So now we know

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So now we know July 4th is the day the UK goes to the polls and decides the fates of Mr Starmer and Mr Sunak. This, combined with Wednesday’s inflation data the markets have now decided, is enough to end the prospect of the Bank of England monetary committee cutting interest rates in June. The monthly flash PMIs from around the globe continue to indicate a resilient developed economy but reduce the expectation that Central Bankers are in any hurry to cut interest rates. US 2-year bond yields have headed back close to 5% as the bond markets are now ruling out the possibility of the Fed cuts in June or July, and September is close to the US election, so that may leave at best one cut in December, maybe.

 The correlation between Nvidia and the S&P 500 has been noted by more than one commentator. Many believe that where Nvidia leads, the S&P 500 follows. That correlation broke on Wednesday as Nvidia’s stock rose again on the back of strong AI performance, yet this did not shield the S&P from another lacklustre day. The S&P’s performance seems intertwined with interest rate sentiment.

One notable and possibly surprising reaction to Wednesday’s announcement that Rishi was heading to the palace to dissolve parliament was Sterling’s resilience to the news. The pound has had a better few weeks as economic indicators continued to improve, and it actually had a slight jump on Wednesday, possibly in reaction to the inflation data. It dipped latterly but finished the week roughly where it started. The dollar basket has also rallied this week, so sterling’s strength cannot be put down entirely to a weaker dollar.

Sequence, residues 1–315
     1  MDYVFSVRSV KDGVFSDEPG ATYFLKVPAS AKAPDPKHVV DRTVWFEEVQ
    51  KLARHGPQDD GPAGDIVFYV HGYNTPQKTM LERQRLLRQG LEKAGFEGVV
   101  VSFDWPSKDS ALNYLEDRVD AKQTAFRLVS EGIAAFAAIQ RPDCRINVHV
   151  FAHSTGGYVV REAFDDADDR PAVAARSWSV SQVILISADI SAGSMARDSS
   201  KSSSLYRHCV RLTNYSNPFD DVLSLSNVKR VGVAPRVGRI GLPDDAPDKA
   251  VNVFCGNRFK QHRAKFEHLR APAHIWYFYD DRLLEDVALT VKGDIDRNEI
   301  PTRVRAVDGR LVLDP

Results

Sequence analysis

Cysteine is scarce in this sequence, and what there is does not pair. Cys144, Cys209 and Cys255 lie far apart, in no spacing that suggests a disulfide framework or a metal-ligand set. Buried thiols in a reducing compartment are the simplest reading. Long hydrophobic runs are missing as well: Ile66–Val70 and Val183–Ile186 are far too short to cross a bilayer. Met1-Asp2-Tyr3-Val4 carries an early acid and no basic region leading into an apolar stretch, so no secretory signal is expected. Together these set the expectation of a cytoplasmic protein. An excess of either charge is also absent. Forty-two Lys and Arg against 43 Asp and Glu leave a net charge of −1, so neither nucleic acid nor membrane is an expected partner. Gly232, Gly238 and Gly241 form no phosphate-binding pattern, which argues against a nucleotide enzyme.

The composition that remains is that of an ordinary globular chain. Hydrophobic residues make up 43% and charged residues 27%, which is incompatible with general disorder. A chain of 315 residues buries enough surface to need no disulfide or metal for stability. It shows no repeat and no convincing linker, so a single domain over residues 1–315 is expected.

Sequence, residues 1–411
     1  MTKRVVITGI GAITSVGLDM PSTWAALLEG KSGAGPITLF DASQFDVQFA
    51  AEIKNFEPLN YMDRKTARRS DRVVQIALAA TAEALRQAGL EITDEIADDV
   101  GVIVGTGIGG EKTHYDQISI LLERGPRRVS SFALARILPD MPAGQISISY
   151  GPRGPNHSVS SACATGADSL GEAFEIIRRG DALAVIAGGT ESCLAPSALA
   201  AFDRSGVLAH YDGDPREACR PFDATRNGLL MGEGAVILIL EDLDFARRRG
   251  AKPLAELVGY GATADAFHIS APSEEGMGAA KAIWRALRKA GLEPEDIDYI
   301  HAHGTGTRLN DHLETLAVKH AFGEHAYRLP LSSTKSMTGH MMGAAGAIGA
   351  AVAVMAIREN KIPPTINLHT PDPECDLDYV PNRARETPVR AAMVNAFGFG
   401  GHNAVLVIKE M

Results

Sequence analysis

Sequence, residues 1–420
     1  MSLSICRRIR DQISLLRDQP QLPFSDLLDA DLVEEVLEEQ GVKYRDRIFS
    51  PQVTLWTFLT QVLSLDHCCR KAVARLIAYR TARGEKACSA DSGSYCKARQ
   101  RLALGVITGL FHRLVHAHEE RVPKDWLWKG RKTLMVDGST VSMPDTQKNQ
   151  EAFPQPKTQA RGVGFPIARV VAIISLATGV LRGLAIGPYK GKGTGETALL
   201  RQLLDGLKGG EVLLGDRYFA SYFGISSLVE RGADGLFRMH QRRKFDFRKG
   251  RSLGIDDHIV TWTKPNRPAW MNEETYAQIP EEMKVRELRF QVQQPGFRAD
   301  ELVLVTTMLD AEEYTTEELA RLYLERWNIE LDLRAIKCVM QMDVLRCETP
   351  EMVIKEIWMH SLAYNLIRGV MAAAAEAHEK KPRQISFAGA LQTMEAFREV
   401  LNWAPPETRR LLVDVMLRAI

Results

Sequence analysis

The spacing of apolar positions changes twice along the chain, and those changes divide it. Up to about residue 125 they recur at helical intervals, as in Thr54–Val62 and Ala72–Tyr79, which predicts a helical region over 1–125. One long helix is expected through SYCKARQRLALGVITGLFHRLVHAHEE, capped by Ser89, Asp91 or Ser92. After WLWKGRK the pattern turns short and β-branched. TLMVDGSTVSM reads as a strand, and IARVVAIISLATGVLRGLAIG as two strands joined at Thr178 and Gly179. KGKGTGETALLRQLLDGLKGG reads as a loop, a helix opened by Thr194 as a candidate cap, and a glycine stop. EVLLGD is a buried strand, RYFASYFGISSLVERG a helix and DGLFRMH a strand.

Once again, having got all excited about interest rates coming down, equity markets are coming to terms with the idea that Europe may be the only region to ease monetary policy in the developed markets in the coming months. As a result, higher bond yields can dampen equity valuations and increase uncertainty about the economic outlook hence why equities have fallen in the past few days.

Later today, we get a raft of economic sentiment data from the US as we receive the final reading of Michigan consumer sentiment, five-year inflation and consumer expectations, and current conditions for May. Preliminary readings suggested economic sentiment was falling and inflation expectations were remaining above the Fed’s 2% target. Today, readings are unlikely to change that view materially.

Finally, as UK consumer confidence is showing some signs of improving and wages are now rising faster than prices, there was some hope that Rishi may see that reflected in today’s retail sales report. Sadly, that was not the case; there was an expectation that UK retail sales would fall month over month, but not to the extent they did. All sectors suffered as sales fell by 2.3%.